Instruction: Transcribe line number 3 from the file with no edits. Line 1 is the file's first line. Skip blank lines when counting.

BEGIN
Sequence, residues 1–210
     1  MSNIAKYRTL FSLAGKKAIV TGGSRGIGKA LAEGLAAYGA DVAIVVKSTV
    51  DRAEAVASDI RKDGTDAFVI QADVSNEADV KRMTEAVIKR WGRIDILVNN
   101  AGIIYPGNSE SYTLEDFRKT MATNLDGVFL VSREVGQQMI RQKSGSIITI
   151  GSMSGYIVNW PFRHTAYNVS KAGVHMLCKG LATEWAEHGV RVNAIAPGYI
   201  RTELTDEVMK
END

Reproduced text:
    51  DRAEAVASDI RKDGTDAFVI QADVSNEADV KRMTEAVIKR WGRIDILVNN